- “Reggie Kray and Ronnie Kray are now friends.”
In England, Facebook has deleted the profiles of 30 prisoners, after the office of justice secretary Jack Straw informed them that the inmates had been using facebook to harass their victims, the Guardian reported last week.
(Infamous mobster Colin Gunn, serving 35 years, sent out a Facebook message reading, in part, “I will be home one day and I can’t wait to look into certain people’s eyes and see the fear of me being there.” A Facebook message.)
Facebook, once a way for college students to safely stalk the cute girl in their recitation session while also pretending to like cooler music than they actually in fact listen to, is now basically the real world; the use of the site for professional purposes by crime bosses like Gunn is another instance of real-life and online personae bleeding into each other.
It started, of course, with employers scoping out the drunken pics, or professional-grade privacy settings, of potential employees; recently, judges have begun specifically instructing jurors not to check out the Facebook pages of parties involved in their cases.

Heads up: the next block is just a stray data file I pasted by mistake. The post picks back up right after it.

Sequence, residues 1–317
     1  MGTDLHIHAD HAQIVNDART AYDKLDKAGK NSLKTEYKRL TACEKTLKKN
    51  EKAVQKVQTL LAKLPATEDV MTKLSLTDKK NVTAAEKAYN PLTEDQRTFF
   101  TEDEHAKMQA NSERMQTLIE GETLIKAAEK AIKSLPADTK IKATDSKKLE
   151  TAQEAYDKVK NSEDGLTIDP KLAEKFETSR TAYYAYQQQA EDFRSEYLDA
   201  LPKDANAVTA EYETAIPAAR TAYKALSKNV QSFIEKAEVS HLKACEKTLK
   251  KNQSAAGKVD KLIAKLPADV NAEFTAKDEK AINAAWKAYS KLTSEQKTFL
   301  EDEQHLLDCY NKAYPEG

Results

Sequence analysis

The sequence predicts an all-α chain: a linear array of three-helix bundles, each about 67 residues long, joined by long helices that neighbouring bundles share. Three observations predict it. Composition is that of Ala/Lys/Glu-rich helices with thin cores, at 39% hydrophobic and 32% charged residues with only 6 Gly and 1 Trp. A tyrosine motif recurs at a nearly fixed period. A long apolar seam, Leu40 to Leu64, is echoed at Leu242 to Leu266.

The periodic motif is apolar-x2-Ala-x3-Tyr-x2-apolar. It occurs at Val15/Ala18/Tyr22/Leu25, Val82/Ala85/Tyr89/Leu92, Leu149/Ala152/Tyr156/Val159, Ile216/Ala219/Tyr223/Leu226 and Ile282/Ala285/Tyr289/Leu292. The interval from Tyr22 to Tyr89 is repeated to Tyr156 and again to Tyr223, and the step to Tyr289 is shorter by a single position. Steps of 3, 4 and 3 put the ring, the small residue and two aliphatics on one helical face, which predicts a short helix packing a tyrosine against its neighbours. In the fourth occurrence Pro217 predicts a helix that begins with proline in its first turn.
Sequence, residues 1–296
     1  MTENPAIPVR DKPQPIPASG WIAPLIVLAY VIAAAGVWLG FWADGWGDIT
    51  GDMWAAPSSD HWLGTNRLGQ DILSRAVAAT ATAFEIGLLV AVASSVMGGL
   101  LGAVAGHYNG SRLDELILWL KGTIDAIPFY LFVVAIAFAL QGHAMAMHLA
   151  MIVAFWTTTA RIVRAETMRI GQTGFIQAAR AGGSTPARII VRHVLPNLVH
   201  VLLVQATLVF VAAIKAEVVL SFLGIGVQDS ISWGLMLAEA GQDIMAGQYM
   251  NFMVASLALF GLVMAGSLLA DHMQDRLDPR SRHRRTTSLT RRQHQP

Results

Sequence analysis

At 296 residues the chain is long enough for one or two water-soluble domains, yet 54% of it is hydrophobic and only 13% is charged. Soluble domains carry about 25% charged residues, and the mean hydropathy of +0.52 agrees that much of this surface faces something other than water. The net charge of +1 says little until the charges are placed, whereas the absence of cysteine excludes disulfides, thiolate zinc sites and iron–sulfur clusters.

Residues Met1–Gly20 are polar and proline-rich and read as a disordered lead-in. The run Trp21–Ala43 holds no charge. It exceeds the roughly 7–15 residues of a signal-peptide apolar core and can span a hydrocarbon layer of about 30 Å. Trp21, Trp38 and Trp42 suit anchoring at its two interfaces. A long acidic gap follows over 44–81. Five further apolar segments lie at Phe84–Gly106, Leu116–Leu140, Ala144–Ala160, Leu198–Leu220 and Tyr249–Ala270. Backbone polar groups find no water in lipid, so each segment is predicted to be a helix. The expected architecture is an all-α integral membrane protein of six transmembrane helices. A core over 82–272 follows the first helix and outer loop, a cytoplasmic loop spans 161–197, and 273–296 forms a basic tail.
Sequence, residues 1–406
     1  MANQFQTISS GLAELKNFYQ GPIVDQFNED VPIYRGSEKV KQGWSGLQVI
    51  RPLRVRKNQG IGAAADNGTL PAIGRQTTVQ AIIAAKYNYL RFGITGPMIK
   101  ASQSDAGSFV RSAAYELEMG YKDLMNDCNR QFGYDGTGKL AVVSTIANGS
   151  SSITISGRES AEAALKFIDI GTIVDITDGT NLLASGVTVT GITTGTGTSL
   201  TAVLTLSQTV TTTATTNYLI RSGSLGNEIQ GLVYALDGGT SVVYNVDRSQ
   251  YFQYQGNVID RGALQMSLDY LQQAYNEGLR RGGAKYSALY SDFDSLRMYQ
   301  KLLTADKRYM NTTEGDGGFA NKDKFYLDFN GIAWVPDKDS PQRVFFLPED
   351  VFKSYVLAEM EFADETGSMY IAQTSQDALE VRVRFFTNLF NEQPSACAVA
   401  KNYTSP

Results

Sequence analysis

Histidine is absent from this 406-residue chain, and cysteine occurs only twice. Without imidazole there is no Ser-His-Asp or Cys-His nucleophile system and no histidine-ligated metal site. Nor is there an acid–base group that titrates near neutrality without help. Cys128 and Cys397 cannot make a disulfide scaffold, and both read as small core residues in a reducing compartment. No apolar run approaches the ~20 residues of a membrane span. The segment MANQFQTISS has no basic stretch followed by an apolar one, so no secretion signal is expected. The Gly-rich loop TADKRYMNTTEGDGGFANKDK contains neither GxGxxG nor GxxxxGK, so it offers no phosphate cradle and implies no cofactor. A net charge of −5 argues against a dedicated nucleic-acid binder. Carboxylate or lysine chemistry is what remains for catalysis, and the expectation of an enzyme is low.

In Britain, officials are now using body orifice scanner chairs (click it, you know you want to) on prisoners, to prevent them from smuggling mobile phones into prison. In A Prophet, the Oscar-nominated French prison epic due out later this month, drug traffickers are seen using cell phones to maintain their illegal business interests in the outside world. But not so much to update their Facebook profiles. One can see, however, how regular updates to one’s Facebook page could be considered a way of maintaining one’s sense of status despite one’s imprisonment.